Allegedly Useful Links. Mostly official sites we could find for this med, PI sheets from countries other than the US, and reviews from consumer review sites.
Date created Tuesday, 29 November 2011 at 11:57:45 Page Author: Jerod Poore Last edited by: Jerod Poore on March 09, 2013, at 04:58 PM
Abilify is a trademark of someone else. Look on the the PI sheet or ask Google who the owner is. The way pharmaceutical companies buy each other and swap products like Monopoly™ real estate, the ownership of the trademark may have changed without my noticing.
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1 While there are plenty of books to help you with hypochondria, for some reason there’s not much in the way of websites. Then again, staying off of the Internet is a large part of curing/managing the disorder.
2 Have I mentioned how open source operating systems for commercial applications is one of the dumbest ideas in the history of dumb ideas?
[begin rant] I rent a dedicated server for Crazy Meds. It’s sitting on a rack somewhere in Southern California along with a bunch of other servers that other people have rented. The hardware is identical, but no two machines have exactly the same operating systems. I don’t even need to see what is on any of the others to know this. If somebody got their server at the exact same time, with the exact same features as I did, I’m confident that there would be noticeable differences in some aspects of the operating systems. So what does this mean? For one thing it means that no two computers in the same office of a single company have the same operating system, and the techs can spend hours figuring out what the fuck the problem could be based on that alone. It also means that application software like IP board that runs the forum here has to have so many fucking user-configurable bells and whistles that even when I read the manual I can’t find every setting, or every location that every flag needs to be set in order for a feature to run the way I want it to run. And in the real world it means you can get an MBA not only with an emphasis on resource planning, but with an emphasis on using SAP - a piece of software so complex there are now college programs on how to use it. You might think, “But don’t people learn how to use Photoshop or Adobe Illustrator in college?” Sure, in order to create stuff. And in a way you’re creating stuff with SAP. But do you get a Bachelor of Fine Arts degree with an emphasis on Photoshop?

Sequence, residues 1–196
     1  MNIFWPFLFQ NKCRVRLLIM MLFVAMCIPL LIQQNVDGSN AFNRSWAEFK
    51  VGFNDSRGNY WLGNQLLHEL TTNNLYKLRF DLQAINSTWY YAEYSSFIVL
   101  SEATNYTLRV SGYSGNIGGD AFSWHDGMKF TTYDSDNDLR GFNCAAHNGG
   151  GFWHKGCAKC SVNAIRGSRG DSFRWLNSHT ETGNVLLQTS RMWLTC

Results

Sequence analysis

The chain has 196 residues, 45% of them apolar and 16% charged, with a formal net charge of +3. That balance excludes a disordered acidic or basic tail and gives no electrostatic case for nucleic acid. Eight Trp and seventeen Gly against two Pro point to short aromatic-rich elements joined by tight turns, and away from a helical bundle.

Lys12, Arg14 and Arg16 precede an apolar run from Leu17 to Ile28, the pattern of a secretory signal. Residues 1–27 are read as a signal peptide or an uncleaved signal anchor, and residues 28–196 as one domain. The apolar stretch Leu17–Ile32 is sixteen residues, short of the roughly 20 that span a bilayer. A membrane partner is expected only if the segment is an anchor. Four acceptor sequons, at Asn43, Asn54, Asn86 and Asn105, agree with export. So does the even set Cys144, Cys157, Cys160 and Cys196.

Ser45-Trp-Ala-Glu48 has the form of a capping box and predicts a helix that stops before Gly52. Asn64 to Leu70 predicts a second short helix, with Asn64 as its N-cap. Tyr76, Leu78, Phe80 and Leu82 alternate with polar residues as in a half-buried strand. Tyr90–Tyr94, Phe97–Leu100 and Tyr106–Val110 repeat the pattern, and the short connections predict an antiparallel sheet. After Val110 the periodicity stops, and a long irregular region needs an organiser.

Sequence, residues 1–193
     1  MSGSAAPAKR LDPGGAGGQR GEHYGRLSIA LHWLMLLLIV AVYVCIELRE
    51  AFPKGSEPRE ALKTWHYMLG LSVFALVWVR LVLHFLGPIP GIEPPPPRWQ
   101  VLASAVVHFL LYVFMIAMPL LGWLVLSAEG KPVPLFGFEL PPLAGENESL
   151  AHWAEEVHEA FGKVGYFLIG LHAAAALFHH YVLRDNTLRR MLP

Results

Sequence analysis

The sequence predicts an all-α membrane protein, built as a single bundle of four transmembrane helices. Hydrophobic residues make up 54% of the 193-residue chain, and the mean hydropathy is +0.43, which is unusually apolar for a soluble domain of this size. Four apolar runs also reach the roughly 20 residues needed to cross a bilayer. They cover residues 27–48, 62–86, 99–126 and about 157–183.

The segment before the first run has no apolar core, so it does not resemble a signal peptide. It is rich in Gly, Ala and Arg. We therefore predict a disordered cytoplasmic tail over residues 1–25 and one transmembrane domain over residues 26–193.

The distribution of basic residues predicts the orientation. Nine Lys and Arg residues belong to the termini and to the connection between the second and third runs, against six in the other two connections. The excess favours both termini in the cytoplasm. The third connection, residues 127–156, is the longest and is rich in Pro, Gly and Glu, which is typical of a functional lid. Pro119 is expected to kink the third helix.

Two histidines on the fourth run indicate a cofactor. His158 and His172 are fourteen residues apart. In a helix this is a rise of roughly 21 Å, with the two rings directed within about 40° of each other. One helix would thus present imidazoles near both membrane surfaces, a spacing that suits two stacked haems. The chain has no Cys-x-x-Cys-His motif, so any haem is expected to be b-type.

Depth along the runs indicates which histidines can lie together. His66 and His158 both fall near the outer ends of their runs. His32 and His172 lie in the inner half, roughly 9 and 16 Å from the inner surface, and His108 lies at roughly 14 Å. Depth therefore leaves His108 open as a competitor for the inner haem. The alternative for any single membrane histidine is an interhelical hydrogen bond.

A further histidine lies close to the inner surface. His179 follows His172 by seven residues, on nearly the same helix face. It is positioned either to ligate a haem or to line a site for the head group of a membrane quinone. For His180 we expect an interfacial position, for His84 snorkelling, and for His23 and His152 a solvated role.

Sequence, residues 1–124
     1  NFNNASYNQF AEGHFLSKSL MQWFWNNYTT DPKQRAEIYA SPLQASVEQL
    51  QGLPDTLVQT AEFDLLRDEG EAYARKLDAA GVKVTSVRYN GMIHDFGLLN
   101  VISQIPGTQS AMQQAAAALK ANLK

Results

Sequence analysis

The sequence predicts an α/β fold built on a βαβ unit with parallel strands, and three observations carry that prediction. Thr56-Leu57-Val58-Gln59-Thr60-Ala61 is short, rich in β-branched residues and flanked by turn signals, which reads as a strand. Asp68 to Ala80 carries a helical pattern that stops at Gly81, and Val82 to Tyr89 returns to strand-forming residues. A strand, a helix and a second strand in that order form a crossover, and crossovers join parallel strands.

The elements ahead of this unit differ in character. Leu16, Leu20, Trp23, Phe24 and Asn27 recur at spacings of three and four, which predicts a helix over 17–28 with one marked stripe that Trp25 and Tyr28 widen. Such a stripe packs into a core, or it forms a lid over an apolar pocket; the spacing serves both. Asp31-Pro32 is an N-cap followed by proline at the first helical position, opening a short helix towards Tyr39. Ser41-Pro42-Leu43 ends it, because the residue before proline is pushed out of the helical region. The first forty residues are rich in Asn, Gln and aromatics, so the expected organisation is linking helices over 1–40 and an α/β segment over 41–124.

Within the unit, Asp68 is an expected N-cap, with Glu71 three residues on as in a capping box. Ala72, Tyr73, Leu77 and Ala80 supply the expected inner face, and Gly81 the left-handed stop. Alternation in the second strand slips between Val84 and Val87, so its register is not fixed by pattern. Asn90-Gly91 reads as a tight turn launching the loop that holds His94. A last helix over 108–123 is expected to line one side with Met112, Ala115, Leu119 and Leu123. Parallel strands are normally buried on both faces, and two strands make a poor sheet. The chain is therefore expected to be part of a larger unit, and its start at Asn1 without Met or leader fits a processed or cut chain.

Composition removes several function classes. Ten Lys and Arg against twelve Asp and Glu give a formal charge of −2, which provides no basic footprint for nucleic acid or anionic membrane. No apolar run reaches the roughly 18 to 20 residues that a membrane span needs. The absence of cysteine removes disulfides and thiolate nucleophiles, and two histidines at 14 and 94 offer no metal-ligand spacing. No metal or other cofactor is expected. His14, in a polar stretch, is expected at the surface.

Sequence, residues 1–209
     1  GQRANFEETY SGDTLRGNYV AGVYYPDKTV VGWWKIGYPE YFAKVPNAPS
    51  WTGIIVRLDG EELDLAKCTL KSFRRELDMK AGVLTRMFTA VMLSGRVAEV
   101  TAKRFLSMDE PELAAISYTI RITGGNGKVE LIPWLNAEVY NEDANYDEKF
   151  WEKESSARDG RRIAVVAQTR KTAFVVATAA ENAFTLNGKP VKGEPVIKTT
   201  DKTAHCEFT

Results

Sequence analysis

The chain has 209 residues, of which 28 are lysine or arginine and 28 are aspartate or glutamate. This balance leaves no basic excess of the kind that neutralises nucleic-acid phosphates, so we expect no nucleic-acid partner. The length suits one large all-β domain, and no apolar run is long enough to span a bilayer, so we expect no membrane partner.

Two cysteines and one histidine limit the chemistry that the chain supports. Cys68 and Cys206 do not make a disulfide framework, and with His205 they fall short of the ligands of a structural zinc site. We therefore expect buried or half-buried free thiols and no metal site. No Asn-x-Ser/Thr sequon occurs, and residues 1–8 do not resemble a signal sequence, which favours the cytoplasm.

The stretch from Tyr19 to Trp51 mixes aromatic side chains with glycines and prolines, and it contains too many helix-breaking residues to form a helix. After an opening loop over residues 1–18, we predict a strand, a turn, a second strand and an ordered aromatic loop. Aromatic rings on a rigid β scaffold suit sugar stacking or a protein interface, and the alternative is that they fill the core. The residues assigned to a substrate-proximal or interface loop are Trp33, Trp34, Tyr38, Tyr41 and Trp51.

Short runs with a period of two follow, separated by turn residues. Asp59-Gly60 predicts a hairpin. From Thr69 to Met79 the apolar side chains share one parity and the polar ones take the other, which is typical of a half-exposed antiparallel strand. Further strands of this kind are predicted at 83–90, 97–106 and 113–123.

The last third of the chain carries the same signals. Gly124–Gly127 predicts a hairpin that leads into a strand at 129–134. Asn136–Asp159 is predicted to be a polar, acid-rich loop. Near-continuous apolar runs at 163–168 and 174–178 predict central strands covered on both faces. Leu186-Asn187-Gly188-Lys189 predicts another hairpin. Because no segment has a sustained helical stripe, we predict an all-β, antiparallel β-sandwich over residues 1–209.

Back in the Big Iron Age the operating systems were proprietary, and every computer that took up an entire room with a raised floor and HVAC system, and had less storage and processing power than an iPhone, had the same operating system as every other one, give or take a release level. But when a company bought application software like SAP, they also got the source code, which was usually documented and written in a way to make it easy to modify the hell out of it. Why? Because accounting principles may be the same the world over, and tax laws the same across each country and state, but no two companies have the same format for their reports, invoices, purchase orders and so forth. Standards existed and were universally ignored. If something went wrong it went wrong the same way for everyone, and was easy to track down. People didn’t need to take a college course to learn how to use a piece of software.
I’m not against the open source concept entirely. Back then all the programmers read the same magazines, so we all had the same homebrew utilities. We even had the forerunner to QR Code to scan the longer source code. Software vendors and computer manufacturers sponsored conventions so we could, among other things, swap recipes for such add-ons and utilities. While those things would make our lives easier, they had nothing to do with critical functions of the operating system. Unless badly implemented they would rarely cause key application software to crash and burn. Whereas today, with open source everything, who the hell knows what could be responsible some part of a system failing. [/end rant]